My insurance company calls a random catastrophe that destroys property an ‘act of God’.
After Hurricane Katrina, the mayor of New Orleans said, “God must be mad at America.”
Disaster movies always have a brainy character who warns everyone that the coming plague or earthquake or asteroid will cause destruction of ‘biblical proportions’.
God language comes up a lot when we talk about calamity. Ever notice that?
Maybe we blame this habit on the Bible, which certainly has more than a few stories of drought, sickness and storms in it. But I don’t think most of us are doing scriptural analysis when we refer to God in relation to a crisis or a disaster.
I think we want to make sense of the senseless, and if possible find some kind of meaning in hardship and suffering.
Attributing the unexplainable to God is a coping strategy I have sympathy for, but some tragedies are just beyond our ability to comprehend them, and God doesn’t make the senseless make sense.
I personally don’t blame God for earthquakes and tsunamis, but I do see God’s glory and power in the face of disaster, all the time.
A flood causes astonishing devastation, but thousands of individuals work and sacrifice to help those who’ve lost homes and livelihood. A fire ravages a community, and is met by unfathomable courage and giving throughout a unified people.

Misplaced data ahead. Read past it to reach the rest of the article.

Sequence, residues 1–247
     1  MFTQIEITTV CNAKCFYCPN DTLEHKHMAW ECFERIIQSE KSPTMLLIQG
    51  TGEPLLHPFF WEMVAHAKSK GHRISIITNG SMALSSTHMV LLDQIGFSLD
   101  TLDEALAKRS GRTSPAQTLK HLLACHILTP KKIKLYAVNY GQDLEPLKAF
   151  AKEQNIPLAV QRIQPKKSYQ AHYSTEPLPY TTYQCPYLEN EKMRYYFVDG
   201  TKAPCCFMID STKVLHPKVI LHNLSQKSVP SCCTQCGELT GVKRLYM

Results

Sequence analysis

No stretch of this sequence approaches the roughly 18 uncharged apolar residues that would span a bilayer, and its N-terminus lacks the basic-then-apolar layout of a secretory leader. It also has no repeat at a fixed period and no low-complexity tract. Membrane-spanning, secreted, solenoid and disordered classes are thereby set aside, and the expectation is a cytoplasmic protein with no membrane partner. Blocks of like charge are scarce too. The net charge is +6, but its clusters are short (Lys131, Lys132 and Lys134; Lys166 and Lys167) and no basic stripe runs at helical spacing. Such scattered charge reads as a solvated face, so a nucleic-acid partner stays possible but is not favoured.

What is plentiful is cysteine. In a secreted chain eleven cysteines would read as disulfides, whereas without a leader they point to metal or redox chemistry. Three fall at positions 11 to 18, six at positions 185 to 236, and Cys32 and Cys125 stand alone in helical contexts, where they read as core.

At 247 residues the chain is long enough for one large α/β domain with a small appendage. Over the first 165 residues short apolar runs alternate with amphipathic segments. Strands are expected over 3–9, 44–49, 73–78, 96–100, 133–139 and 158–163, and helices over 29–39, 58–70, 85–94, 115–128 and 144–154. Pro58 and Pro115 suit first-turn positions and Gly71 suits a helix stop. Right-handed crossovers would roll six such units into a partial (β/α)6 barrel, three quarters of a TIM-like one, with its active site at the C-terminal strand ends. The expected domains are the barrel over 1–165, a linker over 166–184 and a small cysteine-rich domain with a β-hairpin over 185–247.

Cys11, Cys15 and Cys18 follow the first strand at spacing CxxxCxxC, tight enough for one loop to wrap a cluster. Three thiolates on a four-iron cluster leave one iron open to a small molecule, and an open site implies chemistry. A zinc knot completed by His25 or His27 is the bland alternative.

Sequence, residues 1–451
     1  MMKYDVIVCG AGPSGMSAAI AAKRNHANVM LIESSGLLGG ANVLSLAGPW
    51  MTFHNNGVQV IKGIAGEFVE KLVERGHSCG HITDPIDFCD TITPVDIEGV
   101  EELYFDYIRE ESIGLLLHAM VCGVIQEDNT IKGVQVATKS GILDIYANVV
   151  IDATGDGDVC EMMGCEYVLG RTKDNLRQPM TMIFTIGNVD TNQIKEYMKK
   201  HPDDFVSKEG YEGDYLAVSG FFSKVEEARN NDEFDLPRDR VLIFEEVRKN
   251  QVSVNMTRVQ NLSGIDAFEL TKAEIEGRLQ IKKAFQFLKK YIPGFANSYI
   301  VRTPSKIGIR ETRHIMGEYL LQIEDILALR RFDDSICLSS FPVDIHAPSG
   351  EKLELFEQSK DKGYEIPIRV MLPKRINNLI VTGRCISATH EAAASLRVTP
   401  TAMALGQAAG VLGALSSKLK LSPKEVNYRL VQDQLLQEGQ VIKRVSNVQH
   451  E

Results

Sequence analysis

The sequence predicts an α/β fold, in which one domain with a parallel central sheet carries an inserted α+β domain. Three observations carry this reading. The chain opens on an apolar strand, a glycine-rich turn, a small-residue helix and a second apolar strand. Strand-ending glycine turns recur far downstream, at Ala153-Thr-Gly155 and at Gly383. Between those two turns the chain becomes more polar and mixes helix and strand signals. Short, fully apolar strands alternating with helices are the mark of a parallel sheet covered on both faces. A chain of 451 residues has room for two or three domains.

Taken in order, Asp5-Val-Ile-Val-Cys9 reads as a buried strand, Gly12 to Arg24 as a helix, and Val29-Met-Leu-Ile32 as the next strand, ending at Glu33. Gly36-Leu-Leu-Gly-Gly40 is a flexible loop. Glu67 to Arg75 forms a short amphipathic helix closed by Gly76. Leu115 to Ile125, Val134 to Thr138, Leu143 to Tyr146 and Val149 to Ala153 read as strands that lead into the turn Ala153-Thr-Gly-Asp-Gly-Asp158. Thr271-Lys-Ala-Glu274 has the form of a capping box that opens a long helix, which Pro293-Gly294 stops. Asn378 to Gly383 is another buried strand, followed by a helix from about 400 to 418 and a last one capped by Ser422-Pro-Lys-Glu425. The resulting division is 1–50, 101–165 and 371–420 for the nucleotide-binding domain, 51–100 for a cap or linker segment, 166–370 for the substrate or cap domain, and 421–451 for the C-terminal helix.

God doesn’t cause the trauma, but is present nonetheless, in the hands of the helpers.
This week David Brooks wrote about a family whose dining room has become a hub for teenagersfacing every kind of hardship the world can serve up. The kids who gather at Kathy and David Simpson’s house find healing and self-worth around the table where they’re served home-cooked meals. They defy the power of poverty and violence (their daily realities), because they’ve drawn strength from time in this place, which is shaped by hospitality and goodwill. Brooks himself has been strengthened by dinners at this house of warmth and community, describing his weekly attendance as “my visit to a better future.”
God’s hand isn’t in senseless destruction; it’s in helping the ones knocked down to get back up. It’s in the care and intention of building relationships and peace.
God’s activity is usually not a spectacle, but it still inspires awe when you see it for what it is. Grace and compassion go beyond our ability to reason, and are miracles in their own right. Look closely for the generosity and neighborliness that truly does exist all around you, any time you want to witness an act of God.
The Table is a Christian community of transformation:
from greed toward generosity
from violence toward peacemaking
from isolation toward neighborliness
from fear toward faith
Worship Sundays, 5pm
Downtown Davenport, Iowa